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Playerunknown’s Battlegrounds raised nearly $225,000 for charity

Sails past 2 million copies sold

Charlie Hall is Polygon’s tabletop editor. In 10-plus years as a journalist & photographer, he has covered simulation, strategy, and spacefaring games, as well as public policy.

Last week the team behind Playerunknown’s Battlegrounds, the online survival shooter that’s become incredibly popular with consumers and streamers, held a charity invitational. The result was some of the best competitive action the game has yet seen, and nearly a quarter-million dollars raised for charity.

The beneficiary was Gamers Outreach, which “eases the burdens of hospitalization by providing equipment, technology and software to help kids cope with treatment.” The PUBG community chipped in more than $120,000, with developer and publisher Bluehole matching the first $100,000 for a total of $223,357 raised.

The tournament was stacked with a highly-skilled, international field including the likes of sharpshooters Lirik and Sacriel. Top teams included Europe’s kylank_ and Pacifae and North America’s MrGrimmz and Anthony_Kongphan. Two contenders — Hayz and MrGrimmz — tied for the most kills at 12 apiece, with each receiving a new Nvidia GeForce GTX 1080 Ti graphics card as their prize.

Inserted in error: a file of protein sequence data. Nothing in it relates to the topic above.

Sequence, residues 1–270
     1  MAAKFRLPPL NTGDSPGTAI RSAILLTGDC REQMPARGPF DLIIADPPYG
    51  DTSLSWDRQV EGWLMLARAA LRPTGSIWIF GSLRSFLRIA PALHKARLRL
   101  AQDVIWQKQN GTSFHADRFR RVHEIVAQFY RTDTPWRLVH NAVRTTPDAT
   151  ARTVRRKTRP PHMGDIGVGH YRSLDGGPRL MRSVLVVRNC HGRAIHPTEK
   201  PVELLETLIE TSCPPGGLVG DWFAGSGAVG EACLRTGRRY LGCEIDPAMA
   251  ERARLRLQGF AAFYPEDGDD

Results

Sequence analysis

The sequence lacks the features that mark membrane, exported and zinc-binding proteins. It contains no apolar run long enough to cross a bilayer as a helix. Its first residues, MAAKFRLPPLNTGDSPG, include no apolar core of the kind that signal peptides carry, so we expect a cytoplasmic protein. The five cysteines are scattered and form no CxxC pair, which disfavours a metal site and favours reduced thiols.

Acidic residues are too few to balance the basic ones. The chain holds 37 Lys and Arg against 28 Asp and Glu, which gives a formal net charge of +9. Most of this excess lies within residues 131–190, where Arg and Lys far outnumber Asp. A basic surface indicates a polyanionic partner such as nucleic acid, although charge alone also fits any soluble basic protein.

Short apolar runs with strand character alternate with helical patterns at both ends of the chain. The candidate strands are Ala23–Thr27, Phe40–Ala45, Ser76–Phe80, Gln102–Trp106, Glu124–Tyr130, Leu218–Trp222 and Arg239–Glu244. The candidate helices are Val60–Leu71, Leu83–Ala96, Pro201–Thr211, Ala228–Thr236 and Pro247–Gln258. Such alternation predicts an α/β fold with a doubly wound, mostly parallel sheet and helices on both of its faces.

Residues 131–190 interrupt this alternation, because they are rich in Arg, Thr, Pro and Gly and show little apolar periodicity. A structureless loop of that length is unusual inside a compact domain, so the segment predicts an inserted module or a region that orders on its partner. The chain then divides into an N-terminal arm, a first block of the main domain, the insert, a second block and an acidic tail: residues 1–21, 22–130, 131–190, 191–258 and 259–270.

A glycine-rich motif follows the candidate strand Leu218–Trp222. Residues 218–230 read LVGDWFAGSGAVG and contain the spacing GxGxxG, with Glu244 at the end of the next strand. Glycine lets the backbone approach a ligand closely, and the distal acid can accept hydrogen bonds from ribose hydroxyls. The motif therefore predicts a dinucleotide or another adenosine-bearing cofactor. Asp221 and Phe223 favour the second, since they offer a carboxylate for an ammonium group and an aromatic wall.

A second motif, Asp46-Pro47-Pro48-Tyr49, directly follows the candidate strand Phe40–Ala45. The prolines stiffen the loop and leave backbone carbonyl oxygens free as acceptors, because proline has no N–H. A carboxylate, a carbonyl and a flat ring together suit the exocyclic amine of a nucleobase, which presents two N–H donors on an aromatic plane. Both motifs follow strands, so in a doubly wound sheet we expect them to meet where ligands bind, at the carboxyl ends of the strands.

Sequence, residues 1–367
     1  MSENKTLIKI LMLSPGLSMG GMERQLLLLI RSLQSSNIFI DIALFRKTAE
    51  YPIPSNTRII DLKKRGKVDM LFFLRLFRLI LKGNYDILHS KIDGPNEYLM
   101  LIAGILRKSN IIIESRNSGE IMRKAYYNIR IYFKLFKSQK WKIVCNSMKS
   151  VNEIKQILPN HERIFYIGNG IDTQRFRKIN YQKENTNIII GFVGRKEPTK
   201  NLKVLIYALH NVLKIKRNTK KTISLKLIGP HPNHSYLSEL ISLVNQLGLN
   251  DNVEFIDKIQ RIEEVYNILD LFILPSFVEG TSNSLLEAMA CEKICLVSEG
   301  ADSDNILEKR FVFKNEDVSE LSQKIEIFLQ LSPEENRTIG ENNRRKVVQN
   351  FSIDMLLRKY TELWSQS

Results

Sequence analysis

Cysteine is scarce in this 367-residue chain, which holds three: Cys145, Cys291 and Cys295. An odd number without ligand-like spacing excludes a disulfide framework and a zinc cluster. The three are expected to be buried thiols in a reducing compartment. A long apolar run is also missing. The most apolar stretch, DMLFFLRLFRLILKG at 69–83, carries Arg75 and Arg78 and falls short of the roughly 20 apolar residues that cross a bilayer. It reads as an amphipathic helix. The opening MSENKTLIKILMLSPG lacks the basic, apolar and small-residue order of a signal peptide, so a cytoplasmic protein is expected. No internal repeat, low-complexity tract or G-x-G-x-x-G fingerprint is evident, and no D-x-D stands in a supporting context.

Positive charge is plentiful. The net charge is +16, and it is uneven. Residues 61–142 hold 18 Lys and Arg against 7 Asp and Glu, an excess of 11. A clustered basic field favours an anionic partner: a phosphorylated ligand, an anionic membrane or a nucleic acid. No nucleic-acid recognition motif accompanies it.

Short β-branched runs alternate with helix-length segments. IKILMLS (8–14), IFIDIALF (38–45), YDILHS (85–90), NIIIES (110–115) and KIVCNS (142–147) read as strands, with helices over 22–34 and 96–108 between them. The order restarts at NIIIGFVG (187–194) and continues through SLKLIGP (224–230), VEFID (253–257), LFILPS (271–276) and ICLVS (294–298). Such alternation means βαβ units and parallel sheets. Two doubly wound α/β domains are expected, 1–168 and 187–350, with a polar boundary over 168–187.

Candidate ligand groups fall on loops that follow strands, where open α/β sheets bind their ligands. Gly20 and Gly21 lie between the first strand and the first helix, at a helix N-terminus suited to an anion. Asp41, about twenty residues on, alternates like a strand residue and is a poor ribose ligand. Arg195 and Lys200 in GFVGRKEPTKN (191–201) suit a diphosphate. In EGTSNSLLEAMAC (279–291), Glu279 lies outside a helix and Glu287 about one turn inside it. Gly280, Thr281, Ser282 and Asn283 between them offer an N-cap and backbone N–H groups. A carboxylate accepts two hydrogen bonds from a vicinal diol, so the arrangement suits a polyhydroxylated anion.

Just how well is PUBG doing on Steam? A month ago the game sailed past one million copies sold, beating the pace set by Day Z in 2013. Less than a month later, that number has doubled to two million copies.

“One of the main reasons we were able to hit this sales milestone is that we have a dedicated community who has helped us refine Playerunknown’s Battlegrounds,” said Gang-Seok Kim, CEO of Bluehole Inc. “We felt this invitational was a great way to give back and are pleased to make this small contribution to the cause. We are glad to support Gamers Outreach in their mission to provide recreation to hospitalized children and help their families cope with long-term treatment.”

Just today, the team here at Polygon tried our hand at forming a squad and dropping into the game. You can watch more than an hour of that experiment below.

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